Even without running the 170cc heads on the 302, the results are certainly helpful. They illustrate that the relationship between port volume, airflow, and power is an important one. Looking at the results of the testing on the 363 stroker, we see each step up in cylinder-head flow and port-volume increased the power output. Stepping from the 170cc heads to the 190cc heads improved output by 18 hp and 10 lb-ft of torque, while the jump to the 210cc heads offered another 38 hp and 2 lb-ft of torque. As expected from cylinder heads in this power range, the gains were most prevalent at the top of the rev range, but the 190cc heads improved the power from as low as 3,600 rpm over the smaller 170cc heads.
On the 363, basically more flow equaled more power, despite the increase in port volume. Stepping up to the largest 225cc heads improved the peak power numbers by just 2 hp and 5 lb-ft of torque over the 210 heads. The reason is that the 210 heads offered more than enough flow to support the power needs of the 363, but the increased flow offered by the larger 225 heads did improve the power output by 8-9 hp and lost no power to the smaller 210 heads anywhere in the curve. On the right application, bigger really is better.
Looking at the 302, we see a similar pattern, as the 195cc heads produced 9 hp less than the larger 210cc heads. It is important to look at the entire curve, as the 195cc heads offered more power from 3,800 rpm to 5,600 rpm, but lost out to the larger heads above and below that rpm spread. Some of the improved mid-range might be attributed to the 13/4-inch headers being a better match for the mild 302 application than the larger 17/8-inch headers run on the larger CNC-ported heads, but the 195-cc head is an excellent choice for this mild application.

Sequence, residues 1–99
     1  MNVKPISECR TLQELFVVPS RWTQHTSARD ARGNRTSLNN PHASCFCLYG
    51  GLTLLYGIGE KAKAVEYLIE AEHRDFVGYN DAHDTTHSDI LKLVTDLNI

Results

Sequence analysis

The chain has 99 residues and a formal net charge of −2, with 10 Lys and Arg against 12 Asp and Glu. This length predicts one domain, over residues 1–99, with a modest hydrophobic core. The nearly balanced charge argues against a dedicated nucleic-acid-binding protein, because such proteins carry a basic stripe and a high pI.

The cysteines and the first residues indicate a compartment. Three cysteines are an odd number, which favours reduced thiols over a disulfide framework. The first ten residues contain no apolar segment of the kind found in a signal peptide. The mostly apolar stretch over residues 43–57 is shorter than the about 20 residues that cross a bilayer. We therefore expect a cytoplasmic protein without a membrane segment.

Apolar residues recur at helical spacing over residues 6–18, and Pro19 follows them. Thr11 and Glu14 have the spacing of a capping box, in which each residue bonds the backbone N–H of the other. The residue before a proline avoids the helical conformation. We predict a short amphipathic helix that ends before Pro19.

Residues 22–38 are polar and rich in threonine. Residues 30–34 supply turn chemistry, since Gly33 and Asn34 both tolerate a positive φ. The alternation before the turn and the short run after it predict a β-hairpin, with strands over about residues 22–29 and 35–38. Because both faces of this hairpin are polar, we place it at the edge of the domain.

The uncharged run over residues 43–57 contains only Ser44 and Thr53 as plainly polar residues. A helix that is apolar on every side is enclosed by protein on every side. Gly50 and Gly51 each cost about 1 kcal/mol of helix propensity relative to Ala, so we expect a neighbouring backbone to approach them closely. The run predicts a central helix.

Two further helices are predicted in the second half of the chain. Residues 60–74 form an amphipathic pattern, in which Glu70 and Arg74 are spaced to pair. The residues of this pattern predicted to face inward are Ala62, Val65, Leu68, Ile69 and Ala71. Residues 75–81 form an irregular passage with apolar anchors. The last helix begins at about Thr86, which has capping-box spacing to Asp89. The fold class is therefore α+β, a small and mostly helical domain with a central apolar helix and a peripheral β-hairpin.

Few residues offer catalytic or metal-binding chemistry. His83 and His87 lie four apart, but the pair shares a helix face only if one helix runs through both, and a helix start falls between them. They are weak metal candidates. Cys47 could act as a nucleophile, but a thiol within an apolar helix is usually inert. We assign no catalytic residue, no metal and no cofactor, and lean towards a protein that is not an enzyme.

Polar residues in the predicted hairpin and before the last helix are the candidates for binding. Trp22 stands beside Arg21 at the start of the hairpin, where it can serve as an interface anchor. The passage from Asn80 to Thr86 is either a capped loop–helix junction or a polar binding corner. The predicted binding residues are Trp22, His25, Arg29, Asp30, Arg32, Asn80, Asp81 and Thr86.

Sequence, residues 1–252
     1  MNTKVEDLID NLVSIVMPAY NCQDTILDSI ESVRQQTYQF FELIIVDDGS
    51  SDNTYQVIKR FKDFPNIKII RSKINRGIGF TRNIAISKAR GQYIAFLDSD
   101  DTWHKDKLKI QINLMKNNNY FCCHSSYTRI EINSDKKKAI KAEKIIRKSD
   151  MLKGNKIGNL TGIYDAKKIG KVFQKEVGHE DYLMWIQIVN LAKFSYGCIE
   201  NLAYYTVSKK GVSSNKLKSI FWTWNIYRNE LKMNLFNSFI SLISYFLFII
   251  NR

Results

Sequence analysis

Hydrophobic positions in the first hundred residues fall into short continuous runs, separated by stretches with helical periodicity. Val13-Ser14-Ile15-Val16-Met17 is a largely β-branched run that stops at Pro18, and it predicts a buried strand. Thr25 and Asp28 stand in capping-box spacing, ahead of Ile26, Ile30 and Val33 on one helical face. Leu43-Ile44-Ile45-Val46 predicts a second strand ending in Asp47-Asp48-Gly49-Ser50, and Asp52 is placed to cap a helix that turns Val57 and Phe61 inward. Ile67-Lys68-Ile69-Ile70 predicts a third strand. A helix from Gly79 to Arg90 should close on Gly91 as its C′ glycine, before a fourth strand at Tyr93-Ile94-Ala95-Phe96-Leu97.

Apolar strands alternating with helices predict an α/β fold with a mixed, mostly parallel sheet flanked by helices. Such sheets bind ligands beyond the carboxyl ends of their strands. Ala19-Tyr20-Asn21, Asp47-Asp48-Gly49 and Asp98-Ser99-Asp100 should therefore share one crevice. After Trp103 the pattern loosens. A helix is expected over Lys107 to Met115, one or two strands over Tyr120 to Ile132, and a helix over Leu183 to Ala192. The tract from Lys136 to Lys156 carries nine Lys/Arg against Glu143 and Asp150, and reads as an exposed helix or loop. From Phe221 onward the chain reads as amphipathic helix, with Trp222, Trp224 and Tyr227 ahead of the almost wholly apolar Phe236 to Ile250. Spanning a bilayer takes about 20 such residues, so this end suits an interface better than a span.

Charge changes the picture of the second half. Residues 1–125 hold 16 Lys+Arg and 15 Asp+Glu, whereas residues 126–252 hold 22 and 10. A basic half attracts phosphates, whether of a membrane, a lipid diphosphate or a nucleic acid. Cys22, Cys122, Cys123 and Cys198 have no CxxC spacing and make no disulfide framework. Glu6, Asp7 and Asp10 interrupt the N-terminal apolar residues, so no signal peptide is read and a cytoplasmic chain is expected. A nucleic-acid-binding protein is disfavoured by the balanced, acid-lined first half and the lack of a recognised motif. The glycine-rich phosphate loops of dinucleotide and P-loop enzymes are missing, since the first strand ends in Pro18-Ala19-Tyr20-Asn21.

This was reinforced when we installed the largest 225cc heads from Dart. Though the 225 heads certainly flowed more than the 210 heads, they offered no power gains. Minor differences of 2-3 hp below 3,700 rpm were registered, but oddly enough it was the larger 225 heads that offered the small power gains lower in the rev range. It should be pointed out that the 225 head lost no power down low compared to the 210 (or 195) heads, though the results would be different at part throttle. The larger ports would certainly be a tad more sluggish on the milder application at part throttle. Had we run the smaller 170 cc heads, we suspect that they would have offered less power than the 195 heads, but the difference would not have been as dramatic as the test on the wilder 363 (probably 10-12 hp at most with a small but consistent loss registered through the second half of the power curve-from 4,000 rpm on up).
The ProComp dual-plane intake was run with a Holley 750hp carburetor. The HP Holley was eq
Replacing the 225 heads with the slightly smaller 210 resulted in identical power curves.
|Dart Head Test 363|
|Dart Head Test 302|